One of my 8th great grandfathers was Ichabod Chauncy (1635 -1691), a Dissenter and Puritan, whose father, Charles Chauncy (1592-1672), was a long-serving President of Harvard College.


Harvard president Charles Chauncy

Charles Chauncy graduated at Cambridge in 1613, and became a fellow of his college and a professor of Hebrew and Greek. In 1627 he was appointed Vicar of Ware, Hertfordshire, and from 1633 to 1637 he was vicar at Marston St Lawrence, Northamptonshire.

Chauncy had Puritanical opinions that placed him in opposition to the church hierarchy, including its most senior member, the Archbishop of Canterbury, William Laud. He asserted in a sermon that “idolatry was admitted into the church” and he opposed, as a “snare to men’s consciences” placing a barrier – the altar rail – around the communion table. He was suspended by Archbishop Laud for refusing to read from the pulpit the “Book of Sports”, which set out permissible Sunday recreations. He was brought before the Court of High Commission in 1629 and again in 1634. In 1634 he was imprisoned. He made a formal recantation in 1637 (which he later regretted).

In 1638 Charles Chauncy emigrated to America, and from 1638 to 1641 he was an associate pastor at Plymouth, Massachusetts. However, the Plymouth church community was dissatisfied with his advocacy of the baptism of infants by immersion. From 1641 to 1654 he served as pastor at Scituate, Massachusetts. From 1654 until his death in 1672 Charles was President of Harvard College.

Charles Chauncy and his wife Catherine Chauncy nee Eyre (1604-1667) had six sons and at least two daughters. All six sons were said to have been “bred to the ministry and graduates of Harvard”. Ichabod was the third child and second son.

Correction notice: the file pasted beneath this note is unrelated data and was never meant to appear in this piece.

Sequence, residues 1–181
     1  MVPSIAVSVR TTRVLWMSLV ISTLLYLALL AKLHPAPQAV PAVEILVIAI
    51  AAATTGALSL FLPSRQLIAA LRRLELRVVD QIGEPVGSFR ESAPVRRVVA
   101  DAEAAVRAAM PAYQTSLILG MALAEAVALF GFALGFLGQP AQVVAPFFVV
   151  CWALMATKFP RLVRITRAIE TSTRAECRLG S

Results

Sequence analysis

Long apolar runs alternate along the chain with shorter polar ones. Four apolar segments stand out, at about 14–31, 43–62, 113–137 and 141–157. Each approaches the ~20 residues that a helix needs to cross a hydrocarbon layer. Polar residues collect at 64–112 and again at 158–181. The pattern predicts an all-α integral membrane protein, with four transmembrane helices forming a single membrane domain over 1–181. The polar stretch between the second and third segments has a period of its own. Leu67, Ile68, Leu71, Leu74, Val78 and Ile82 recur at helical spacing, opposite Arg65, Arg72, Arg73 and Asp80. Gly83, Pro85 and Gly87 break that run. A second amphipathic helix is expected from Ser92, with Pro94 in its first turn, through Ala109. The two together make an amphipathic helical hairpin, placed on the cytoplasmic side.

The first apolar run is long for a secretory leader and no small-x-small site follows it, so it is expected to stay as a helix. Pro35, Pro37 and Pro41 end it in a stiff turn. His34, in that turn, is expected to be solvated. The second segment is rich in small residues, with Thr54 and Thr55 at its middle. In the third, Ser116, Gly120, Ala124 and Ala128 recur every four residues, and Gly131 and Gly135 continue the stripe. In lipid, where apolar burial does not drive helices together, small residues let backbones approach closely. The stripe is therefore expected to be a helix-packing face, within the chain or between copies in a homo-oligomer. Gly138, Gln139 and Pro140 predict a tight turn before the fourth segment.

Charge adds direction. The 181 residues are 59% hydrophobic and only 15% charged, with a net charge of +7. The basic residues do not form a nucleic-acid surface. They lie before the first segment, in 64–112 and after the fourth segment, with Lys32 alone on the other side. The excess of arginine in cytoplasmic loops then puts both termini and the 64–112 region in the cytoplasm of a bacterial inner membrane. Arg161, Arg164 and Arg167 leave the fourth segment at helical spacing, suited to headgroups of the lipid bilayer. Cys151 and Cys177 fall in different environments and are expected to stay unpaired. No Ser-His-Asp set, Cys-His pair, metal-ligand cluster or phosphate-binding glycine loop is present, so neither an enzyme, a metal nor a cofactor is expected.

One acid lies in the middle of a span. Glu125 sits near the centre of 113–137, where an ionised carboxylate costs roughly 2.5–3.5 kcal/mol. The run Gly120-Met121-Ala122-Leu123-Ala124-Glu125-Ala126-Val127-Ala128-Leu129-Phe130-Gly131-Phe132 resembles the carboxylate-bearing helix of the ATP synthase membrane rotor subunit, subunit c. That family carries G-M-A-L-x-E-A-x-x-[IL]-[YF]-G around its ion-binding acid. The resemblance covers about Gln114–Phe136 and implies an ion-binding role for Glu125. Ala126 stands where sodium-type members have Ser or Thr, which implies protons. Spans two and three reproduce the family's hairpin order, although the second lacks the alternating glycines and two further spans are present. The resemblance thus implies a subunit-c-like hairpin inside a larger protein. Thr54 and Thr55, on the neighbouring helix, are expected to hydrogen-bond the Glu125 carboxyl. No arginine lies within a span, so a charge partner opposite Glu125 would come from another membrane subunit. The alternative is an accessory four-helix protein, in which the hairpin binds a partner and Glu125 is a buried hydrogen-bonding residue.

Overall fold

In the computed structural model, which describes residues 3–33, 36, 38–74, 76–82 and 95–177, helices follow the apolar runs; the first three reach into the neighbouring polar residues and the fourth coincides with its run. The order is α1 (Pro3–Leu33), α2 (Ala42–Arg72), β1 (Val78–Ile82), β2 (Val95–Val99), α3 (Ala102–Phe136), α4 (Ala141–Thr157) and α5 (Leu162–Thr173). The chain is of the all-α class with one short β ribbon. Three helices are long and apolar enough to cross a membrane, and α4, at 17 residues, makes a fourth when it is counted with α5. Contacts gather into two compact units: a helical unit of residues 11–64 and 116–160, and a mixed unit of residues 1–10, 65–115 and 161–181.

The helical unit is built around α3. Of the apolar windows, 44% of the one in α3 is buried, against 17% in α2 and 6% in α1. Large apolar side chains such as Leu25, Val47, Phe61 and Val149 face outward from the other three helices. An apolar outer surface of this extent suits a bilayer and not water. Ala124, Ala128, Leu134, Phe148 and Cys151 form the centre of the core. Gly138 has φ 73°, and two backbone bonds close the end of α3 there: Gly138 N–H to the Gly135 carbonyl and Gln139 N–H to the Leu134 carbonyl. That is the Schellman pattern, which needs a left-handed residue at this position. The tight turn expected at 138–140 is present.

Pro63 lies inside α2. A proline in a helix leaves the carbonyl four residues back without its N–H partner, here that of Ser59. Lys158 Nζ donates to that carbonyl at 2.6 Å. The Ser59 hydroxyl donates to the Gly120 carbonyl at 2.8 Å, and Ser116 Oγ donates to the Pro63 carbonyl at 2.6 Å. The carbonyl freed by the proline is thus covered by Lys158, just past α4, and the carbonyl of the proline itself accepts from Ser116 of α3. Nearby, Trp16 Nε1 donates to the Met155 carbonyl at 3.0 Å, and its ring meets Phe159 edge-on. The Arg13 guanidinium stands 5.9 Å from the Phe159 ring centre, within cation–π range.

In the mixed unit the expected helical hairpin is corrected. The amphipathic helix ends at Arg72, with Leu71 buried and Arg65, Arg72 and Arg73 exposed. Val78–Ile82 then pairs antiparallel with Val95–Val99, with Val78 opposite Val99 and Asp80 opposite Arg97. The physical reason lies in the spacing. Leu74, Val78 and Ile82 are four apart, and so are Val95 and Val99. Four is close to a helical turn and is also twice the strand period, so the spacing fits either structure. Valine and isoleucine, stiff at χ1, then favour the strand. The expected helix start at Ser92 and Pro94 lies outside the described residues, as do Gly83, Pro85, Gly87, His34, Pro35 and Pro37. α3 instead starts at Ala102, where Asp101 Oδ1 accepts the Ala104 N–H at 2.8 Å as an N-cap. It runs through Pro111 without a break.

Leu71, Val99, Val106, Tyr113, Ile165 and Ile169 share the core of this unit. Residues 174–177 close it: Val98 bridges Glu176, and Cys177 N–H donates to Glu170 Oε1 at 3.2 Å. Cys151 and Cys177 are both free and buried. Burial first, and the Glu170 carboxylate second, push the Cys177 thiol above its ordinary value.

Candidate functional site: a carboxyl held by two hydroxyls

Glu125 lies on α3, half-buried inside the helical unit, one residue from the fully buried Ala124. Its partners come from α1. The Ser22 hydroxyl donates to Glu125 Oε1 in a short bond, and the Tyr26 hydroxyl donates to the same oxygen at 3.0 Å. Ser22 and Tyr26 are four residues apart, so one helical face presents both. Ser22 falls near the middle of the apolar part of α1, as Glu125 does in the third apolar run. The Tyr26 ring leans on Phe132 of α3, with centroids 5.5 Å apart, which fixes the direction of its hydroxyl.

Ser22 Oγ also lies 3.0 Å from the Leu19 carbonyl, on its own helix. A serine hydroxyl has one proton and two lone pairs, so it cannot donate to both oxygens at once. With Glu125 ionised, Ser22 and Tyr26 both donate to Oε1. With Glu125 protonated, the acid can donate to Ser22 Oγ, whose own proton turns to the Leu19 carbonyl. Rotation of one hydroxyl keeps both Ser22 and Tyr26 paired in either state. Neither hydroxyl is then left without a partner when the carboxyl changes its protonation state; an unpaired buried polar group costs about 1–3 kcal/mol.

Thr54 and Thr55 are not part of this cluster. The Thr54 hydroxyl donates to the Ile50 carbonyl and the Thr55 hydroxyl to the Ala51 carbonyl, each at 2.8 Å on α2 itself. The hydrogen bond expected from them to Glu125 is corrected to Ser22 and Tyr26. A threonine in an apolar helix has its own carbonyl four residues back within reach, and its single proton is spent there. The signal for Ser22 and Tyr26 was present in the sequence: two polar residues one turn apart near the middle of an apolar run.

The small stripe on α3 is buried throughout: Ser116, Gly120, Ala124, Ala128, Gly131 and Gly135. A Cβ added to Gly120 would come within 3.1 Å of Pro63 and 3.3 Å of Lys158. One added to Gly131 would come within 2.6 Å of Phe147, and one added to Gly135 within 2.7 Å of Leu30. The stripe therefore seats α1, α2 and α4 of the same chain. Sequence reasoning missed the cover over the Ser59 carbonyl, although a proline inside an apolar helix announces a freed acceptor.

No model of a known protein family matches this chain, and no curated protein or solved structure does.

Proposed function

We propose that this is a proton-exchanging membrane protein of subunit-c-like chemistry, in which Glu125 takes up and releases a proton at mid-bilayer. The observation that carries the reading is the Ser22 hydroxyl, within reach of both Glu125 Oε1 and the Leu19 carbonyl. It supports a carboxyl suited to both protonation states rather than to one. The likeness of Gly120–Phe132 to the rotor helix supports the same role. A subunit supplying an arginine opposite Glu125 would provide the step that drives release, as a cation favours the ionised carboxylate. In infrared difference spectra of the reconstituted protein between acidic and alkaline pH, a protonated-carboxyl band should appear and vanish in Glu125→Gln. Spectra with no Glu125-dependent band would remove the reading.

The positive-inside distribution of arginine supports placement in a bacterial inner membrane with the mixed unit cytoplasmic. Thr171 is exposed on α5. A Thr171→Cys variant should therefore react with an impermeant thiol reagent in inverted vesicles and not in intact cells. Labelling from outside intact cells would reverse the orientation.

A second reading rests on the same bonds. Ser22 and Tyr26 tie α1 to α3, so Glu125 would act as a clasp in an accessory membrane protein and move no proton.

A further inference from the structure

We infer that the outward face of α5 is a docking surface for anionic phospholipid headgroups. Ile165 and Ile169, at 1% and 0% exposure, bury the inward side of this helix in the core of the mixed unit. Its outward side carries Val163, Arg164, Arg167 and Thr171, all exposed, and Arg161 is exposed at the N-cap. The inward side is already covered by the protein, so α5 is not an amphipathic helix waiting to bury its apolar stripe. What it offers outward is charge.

The unusual name ‘Ichabod’ appears to be an allusion to an Old Testament story. In 1 Samuel 4, the Philistines defeat Israel and capture the Ark of the Covenant. At this news the wife of the high priest Phineas falls into labour and gives birth to a son whom she names ‘Ichabod‘, conventionally translated as ‘the glory has departed’. Charles Chauncey was very likely giving expression to his rather strong opinion of the the lapsed and degenerate state of the Church of England.

Ichabod was brought to Massachusetts in 1638, when he was about three years old. In 1651, at about the age of 16, he and his older brother Isaac graduated from Harvard College.

Returning to England Ichabod Chauncey became an army chaplain to Sir Edward Harley’s Regiment at Dunkirk. However, in 1662, at the time of the Act of Uniformity, Ichabod was one of some 2,000 Puritan ministers who were forced out of their positions by Church of England clergy, following the changes after the restoration to power of Charles II. The Act of Uniformity prescribed that any minister who refused to conform to the Book of Common Prayer by St. Bartholomew’s Day (24 August) 1662 should be ejected from the Church of England.

With his clerical career at an end Ichabod took up the practice of medicine. On 13 October 1666 he was admitted an Extra-Licentiate of the College of Physicians. He settled at Bristol, Gloucestershire.

In 1682 Ichabod Chauncey was prosecuted for not attending church and was convicted and fined. In 1684 he was again prosecuted, imprisoned for 18 weeks, and was sentenced to lose his estate both real and personal, and to leave the realm within three months. He went to Leiden, Holland,and practiced as a physician there until 1686 when he returned to Bristol. There is a suggestion that Ichabod’s persecution may have originated in the private malice of the Bristol town clerk.

Ichabod married Mary King (c. 1646-1736) on 12 August 1669 at St Michael’s Bristol. They had eight children. Three sons survived him:

  • Stanton, who died in 1707
  •  Charles 1674-1763 (my seventh great grandfather, who became a London merchant)
  • Nathaniel 1679-1750

Ichabod Chauncey died at Bristol on 25 July 1691 and was buried on 27 July at St Philip’s Bristol.


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